The story then continues to present time where Angel and Alan are home with their son one rainy night. Angel waits for Alan to fall asleep in order to sneak out of the house so that she would be able to buy beer at a local gas station. She makes her way out into the truck and begins to leave just as Alan appears out from inside of their house. Half-naked, Alan stands besides window of the truck in the pouring rain and begs his wife to return home. Alan gave up trying to stop Angel from drinking. She proved that she would not allow her habit to let her free. If Angel must continue drinking, then Alan only wants her to be at home where she is safe. Angel promises that she will return home. Alan becomes an enabler in Angels life. This is the difference between Angels story and mine. Angel never freed herself of her obsession because eventually the people around her enabled her to continue The end of the story is very symbolic. It ends with Angel looking at the rain falling on Randys bicycle and the grill outside. This is a small view of what Angel is missing in her life. Drinking alcohol is more important than her sons childhood and his changes. It is more important to her than her family. This part touched me very deeply because for a long time I believed that my relationship with my boyfriend was more important than my family. I was missing out on the best things in life. Family is such an important value that some people overlook. Angels addiction to alcohol helped to steal her from her family. Since she loved drinking so much, she does not realize the pain she is causing her loved ones. There comes a time when all of the promises people break comes back to them. As Angel backs up out of the driveway, she notices the yellow porch light that Alan always leaves on for her. She feels loved and cared about because this light is a symbol for Alans concern and love for her. He leaves the light on because he believes that Angel will return home eventually. The last quote of the story had the most meaning. This part hit me the hardest. The light was always on. That what she thinking when it go out.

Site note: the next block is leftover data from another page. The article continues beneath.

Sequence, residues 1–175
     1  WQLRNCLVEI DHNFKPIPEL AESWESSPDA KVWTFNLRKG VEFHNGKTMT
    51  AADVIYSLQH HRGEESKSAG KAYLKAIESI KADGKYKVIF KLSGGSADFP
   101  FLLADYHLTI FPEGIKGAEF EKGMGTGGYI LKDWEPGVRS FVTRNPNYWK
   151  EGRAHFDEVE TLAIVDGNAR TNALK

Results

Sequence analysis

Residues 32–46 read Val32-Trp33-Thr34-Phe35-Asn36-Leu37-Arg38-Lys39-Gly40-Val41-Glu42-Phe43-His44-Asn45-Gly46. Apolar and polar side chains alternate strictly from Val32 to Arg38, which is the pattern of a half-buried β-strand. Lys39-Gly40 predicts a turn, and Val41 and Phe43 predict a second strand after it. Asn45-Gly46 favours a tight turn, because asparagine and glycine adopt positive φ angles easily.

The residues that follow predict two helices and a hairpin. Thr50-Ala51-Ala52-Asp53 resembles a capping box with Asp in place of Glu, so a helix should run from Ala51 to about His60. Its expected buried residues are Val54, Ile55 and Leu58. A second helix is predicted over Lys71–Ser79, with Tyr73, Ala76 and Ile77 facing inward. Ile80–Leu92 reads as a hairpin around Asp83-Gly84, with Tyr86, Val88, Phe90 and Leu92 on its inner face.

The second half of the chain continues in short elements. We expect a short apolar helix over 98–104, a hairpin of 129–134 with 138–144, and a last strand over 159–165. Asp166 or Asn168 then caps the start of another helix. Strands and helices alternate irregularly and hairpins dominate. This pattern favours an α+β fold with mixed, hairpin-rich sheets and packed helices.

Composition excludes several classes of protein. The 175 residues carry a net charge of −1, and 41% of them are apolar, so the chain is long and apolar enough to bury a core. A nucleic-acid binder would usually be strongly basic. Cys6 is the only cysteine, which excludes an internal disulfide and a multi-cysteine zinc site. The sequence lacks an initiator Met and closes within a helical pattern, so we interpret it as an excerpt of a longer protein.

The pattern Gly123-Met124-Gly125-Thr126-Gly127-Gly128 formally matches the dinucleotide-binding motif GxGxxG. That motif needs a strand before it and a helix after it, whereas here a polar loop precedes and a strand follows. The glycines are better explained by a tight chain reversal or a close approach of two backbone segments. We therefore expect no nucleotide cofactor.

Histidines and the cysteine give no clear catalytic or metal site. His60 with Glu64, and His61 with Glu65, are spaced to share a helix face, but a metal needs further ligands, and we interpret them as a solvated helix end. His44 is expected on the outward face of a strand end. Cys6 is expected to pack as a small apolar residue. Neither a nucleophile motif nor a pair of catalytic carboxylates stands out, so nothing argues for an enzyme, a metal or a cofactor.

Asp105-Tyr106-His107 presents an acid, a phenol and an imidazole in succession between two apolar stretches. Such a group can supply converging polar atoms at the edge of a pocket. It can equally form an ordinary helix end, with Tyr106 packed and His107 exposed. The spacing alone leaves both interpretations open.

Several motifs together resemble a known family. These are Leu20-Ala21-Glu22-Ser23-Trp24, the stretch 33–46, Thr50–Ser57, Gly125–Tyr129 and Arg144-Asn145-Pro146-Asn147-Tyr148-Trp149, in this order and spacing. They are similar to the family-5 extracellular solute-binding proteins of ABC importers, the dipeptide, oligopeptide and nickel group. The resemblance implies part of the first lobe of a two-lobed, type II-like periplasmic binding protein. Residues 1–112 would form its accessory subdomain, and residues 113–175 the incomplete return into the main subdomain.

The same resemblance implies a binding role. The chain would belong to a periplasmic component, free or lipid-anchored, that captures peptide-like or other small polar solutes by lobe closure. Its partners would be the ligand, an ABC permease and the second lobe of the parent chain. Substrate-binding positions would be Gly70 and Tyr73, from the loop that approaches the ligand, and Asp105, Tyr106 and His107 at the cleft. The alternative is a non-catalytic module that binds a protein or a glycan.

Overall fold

This story had a very intense meaning behind it. I enjoyed reading it very much because it helped remind me of how much time we waste and how we let important things slip right passed us. The main theme of the story is of how alcohol can tear a family apart and how denial can blind a person. A smaller theme of the story is about family. This reminded me of a short poem I once read. It was written by Ellen C. Leslie and is attached to this essay. Although the poem is not about alcoholism, I believe it to be a good reference to the story. It is about the importance of family. It symbolizes how we let the day distract us and how we let the smaller, beautiful things in life fall away. Concentrating on our own troubles and our own responsibilities has seemingly become the sole importance in every day life. We forget to realize how important it is to truly stop and smell the flowers. We lose sight of how precious life is and how we should use tenderness and love to help put aside our cares and worries. We forget to take a minute out of the day for the sake of more important things, such as family. (Come to think of it, we tend to pour our concentration more into our own problems and ourselves than into our own family… an unwise investment indeed, don’t you think?) Angel will never be able to get back the pieces of her sons childhood that she missed because she is uncontrollably absorbed in her alcoholism.
I ran into a stranger as he passed by,
We were very polite, this stranger and I.
We went on our way and we said good-bye.
But at home a different story is told,
How we treat our loved ones, young and old.
Later that day, cooking the evening meal,
When I turned, I nearly knocked him down.
“Move out of the way,” I said with a frown.
He walked away, his little heart broken.
I didn’t realize how harshly I’d spoken.
God’s still small voice came to me and said,
“While dealing with a stranger, common courtesy you use,
but the children you love, you seem to abuse.
You’ll find some flowers there by the door.
Those are the flowers he brought for you.
He picked them himself: pink, yellow and blue.
He stood very quietly not to spoil the surprise,
and you never saw the tears that filled his little eyes.”
I quietly went and knelt by his bed;
“Wake up, little one, wake up,” I said.
“Are these the flowers you picked for me?”
He smiled, “I found ’em, out by the tree.
I picked ’em because they’re pretty like you.
I knew you’d like ’em, especially the blue.”
I said, “Son, I’m very sorry for the way I acted today;
I shouldn’t have yelled at you that way.”
and I do like the flowers, especially the blue.”